|Introduction to Ethical Studies: An Open Source Reader|
|Prev||Chapter 2. "Conscience Is Learned" by Alexander Bain||Next|
It may be proved, by such evidence as the case admits of, that the peculiarity of the Moral Sentiment, or Conscience, is identified with our education under government, or Authority.
Conscience is described by such terms as moral approbation and disapprobation; and involves, when highly developed, a peculiar and unmistakeable revulsion of mind at what is wrong, and a strong resentment towards the wrong-doer, which become Remorse, in the case of self.
It is capable of being proved, that there is nothing natural or primitive in these feelings, except in so far as the case happens to concur with the dictates of Self-interest, or Sympathy, aided by the Emotions formerly specified. Any action that is hostile to our interest, excites a form of disapprobation, such as belongs to wounded self-interest; and any action that puts another to pain may so affect our natural sympathy as to be disapproved, and resented on that ground. These natural or inborn feelings are always liable to coincide with moral right and wrong, although they are not its criterion or measure in the mind of each individual. But in those cases where an unusually strong feeling of moral disapprobation is awakened, there is apt to be a concurrence of the primitive motives of self, and of fellow-feeling; and it is the ideal of good law, and good morality, to coincide with a certain well-proportioned adjustment of the Prudential and the Sympathetic regards of the individual.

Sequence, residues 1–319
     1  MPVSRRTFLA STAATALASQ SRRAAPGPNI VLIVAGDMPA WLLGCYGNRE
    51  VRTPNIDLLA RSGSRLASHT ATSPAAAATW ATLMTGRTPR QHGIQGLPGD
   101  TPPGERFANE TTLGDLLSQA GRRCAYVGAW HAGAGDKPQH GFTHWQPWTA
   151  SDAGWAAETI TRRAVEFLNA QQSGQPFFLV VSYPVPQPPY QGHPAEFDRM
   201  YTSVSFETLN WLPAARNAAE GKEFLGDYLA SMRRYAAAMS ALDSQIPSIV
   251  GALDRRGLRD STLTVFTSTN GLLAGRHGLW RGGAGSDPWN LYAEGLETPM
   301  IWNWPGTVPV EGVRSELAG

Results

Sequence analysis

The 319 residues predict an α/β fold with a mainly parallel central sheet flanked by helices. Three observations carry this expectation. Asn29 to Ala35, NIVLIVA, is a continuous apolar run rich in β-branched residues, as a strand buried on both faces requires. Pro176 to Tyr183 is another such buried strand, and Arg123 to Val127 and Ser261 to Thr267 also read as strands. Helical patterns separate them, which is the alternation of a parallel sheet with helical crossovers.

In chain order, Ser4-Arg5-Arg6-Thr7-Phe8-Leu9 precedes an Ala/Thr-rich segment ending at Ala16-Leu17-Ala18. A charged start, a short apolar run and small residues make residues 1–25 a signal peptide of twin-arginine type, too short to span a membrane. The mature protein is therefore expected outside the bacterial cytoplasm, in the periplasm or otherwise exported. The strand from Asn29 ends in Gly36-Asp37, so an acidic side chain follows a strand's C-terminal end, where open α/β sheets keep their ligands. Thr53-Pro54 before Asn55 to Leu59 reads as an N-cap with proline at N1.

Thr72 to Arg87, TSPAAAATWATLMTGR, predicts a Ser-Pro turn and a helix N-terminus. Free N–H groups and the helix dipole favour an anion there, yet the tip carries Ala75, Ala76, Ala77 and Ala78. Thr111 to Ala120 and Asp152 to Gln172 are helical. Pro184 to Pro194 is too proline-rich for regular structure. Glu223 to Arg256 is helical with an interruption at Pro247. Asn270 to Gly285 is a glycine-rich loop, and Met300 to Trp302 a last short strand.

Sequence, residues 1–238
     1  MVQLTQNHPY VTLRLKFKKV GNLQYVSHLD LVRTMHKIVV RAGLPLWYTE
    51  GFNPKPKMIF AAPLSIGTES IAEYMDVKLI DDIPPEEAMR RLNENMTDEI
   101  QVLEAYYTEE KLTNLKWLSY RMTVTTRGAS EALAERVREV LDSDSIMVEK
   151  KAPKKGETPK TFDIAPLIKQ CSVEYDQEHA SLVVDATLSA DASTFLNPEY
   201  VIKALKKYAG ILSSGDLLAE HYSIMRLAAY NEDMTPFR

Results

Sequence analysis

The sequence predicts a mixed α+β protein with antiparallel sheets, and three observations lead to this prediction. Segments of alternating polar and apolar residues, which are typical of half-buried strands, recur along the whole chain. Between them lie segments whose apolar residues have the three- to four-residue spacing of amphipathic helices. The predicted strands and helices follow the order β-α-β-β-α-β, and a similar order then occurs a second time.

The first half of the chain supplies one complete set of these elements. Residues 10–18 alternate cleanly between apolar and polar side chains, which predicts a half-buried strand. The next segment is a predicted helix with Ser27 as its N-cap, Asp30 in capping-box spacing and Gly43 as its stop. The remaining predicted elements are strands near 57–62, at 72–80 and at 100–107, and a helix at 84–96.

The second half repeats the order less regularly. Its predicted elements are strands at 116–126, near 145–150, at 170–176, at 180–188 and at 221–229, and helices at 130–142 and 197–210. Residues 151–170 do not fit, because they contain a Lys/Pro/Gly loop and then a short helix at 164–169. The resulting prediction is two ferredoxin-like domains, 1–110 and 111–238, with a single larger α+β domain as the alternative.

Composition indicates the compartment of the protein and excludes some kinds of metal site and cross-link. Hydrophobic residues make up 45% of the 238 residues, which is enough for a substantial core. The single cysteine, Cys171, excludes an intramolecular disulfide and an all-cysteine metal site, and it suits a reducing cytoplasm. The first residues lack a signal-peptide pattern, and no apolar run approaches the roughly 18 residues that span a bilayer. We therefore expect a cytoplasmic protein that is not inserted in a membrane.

The requisite allowance being made for the natural impulses, we must now adduce the facts, showing that the characteristic of the Moral Sense is an education under Law, or Authority, through the instrumentality of Punishment.